The police swung into action after The Telegraph published a photograph of a Simi banner on Sudhir Bose Road, accompanied by a report saying how Simi activists sit near a school on Hussein Shah Road to recruit people. The dated banner urged youth to join the Islamic students’ convention on Hussein Shah Road in June 2001.

Local residents said Simi had organised a students’ convention at the school in June last year, when the organisation was not banned yet, and had decided to undertake a year-long recruitment drive.

Police questioned several persons of the area during the day. Raids were conducted at Hussein Shah Park, adjoining the school.

Special Branch and port police officers admitted that there were reports of Simi secretly recruiting students and youth in the Ekbalpore, Watgunge, Garden Reach and surrounding areas. There is a special cell at Ekbalpore police station which monitors Simi activities.

The congested area of Ekbalpore was deserted in the afternoon. “Police asked us to remain indoors,” said Sheikh Nooruddin, of Sudhir Bose Road.

Deputy commissioner of police, Special Branch, Gaurav C. Dutt, has asked his officers to investigate the matter.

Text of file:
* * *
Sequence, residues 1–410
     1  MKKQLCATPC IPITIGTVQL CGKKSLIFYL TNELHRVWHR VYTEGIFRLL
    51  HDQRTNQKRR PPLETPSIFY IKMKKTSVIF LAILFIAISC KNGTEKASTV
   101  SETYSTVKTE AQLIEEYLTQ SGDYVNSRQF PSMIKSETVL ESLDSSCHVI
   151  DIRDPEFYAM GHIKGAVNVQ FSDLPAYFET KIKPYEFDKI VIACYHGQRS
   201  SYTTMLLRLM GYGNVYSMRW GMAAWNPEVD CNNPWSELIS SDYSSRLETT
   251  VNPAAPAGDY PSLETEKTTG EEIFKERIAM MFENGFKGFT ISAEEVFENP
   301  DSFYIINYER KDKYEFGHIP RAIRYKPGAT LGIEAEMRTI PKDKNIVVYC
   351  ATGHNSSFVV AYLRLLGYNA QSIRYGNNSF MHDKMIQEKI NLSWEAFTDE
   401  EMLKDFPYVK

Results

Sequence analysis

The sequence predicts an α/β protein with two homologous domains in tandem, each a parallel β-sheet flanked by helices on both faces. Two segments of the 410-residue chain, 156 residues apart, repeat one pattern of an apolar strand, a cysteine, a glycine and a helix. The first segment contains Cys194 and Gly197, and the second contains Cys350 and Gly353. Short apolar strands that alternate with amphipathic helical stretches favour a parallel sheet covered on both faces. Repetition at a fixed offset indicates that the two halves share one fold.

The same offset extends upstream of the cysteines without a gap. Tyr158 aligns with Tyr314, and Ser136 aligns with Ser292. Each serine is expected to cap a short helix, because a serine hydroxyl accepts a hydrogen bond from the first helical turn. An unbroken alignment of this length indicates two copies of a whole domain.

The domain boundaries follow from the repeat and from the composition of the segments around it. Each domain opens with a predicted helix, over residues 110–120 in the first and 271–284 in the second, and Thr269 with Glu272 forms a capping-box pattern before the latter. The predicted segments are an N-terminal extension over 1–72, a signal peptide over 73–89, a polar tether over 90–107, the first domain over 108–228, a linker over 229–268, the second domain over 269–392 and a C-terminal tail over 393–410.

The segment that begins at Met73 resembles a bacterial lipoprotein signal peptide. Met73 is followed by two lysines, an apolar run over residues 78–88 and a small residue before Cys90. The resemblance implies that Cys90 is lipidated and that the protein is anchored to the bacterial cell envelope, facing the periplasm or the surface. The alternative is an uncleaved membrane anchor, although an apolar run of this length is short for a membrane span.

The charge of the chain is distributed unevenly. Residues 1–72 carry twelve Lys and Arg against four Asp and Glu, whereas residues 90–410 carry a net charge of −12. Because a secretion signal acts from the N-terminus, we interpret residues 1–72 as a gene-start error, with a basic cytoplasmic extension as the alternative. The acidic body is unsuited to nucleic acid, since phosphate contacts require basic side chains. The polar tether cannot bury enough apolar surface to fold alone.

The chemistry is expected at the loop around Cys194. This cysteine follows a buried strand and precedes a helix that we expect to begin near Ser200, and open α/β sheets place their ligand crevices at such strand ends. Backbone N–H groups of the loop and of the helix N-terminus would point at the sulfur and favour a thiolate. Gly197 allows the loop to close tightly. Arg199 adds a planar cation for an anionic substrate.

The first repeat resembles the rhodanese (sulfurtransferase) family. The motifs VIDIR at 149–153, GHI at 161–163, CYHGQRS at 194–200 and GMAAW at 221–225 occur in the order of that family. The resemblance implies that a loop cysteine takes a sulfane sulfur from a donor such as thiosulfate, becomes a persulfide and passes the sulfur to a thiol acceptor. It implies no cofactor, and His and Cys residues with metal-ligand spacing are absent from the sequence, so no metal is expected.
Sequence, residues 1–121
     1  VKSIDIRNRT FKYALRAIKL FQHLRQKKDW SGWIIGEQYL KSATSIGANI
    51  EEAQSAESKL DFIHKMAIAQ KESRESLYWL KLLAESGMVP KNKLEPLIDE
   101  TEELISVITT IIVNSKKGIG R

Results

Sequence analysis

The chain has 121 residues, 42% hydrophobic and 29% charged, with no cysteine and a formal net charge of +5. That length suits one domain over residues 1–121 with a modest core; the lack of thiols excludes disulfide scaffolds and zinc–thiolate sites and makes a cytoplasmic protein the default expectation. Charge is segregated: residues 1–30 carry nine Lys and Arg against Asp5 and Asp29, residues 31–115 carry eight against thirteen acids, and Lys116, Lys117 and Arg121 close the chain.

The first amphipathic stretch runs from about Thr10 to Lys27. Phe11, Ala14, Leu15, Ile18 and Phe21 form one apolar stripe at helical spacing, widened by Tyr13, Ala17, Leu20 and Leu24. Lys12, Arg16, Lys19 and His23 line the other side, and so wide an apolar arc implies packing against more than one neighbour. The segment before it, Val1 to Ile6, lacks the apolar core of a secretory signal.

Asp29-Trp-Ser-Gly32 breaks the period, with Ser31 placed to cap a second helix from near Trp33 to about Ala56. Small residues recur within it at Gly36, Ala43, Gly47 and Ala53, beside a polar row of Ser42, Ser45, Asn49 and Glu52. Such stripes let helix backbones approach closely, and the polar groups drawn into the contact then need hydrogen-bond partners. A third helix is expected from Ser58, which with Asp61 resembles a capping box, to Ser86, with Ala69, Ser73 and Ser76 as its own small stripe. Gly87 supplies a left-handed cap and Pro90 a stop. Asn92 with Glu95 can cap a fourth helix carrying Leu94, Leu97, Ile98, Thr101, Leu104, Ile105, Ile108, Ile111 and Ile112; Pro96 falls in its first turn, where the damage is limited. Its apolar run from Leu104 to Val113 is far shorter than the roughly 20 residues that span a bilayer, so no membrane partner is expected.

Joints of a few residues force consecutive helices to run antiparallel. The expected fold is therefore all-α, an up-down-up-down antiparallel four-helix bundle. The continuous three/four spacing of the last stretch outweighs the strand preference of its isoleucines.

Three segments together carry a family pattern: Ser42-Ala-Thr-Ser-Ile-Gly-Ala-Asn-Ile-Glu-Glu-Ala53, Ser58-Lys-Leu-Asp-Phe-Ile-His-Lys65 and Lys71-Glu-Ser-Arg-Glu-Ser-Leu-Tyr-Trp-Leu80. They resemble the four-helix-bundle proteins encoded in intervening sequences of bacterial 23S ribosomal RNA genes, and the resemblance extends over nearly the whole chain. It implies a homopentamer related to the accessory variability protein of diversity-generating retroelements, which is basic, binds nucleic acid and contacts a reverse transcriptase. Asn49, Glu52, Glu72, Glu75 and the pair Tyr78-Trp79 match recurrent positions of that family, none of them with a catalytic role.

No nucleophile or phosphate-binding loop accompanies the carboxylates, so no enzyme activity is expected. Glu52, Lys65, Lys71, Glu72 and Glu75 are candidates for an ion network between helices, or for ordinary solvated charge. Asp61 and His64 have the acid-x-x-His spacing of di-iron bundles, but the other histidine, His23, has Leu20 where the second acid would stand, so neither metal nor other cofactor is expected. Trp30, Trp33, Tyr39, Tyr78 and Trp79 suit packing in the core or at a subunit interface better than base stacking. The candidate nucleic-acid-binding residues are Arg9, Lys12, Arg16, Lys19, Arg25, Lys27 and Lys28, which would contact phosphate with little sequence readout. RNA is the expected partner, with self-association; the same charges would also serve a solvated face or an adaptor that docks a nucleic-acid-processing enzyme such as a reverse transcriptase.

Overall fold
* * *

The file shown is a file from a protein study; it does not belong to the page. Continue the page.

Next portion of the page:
Special Branch sources said Dutt has pulled up an Intelligence officer, charging him with dereliction of duty.

A senior inspector of the Special Branch said the officer under the scanner was supposed to keep tabs on Simi. But, apparently, he had failed to collect relevant information.

According to deputy commissioner of police, port, H.P. Singh, security agencies are keeping tabs on eight Simi activists of Ekbalpore.

“They are meeting police officers at Ekbalpore police station every day with details about their current activities,’’ he said. “But there are no Simi activists in this area.”

Residents of Mayurbhanj Road, Hussein Shah Road and Sudhir Bose, however, reiterated that they had seen young men urging students to join their organisation.